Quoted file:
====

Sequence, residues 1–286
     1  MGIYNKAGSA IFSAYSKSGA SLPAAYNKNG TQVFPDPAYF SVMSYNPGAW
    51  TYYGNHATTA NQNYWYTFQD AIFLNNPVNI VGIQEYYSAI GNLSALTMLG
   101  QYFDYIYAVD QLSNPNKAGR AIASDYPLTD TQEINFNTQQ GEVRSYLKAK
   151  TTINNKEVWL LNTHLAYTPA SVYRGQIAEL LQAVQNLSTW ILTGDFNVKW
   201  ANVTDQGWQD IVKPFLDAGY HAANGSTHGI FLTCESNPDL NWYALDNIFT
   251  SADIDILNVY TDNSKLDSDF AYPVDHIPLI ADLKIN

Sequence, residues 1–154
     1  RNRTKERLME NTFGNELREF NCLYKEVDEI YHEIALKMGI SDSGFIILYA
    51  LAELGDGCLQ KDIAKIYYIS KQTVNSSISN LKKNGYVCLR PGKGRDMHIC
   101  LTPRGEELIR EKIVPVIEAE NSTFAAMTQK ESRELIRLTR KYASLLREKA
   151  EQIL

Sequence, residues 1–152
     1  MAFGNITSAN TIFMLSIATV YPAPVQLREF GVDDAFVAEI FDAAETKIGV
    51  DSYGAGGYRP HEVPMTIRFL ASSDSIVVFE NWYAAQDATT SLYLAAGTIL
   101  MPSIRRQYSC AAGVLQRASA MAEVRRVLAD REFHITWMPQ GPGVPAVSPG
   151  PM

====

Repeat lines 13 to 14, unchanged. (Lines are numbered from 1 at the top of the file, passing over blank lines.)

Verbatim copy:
Sequence, residues 1–152
     1  MAFGNITSAN TIFMLSIATV YPAPVQLREF GVDDAFVAEI FDAAETKIGV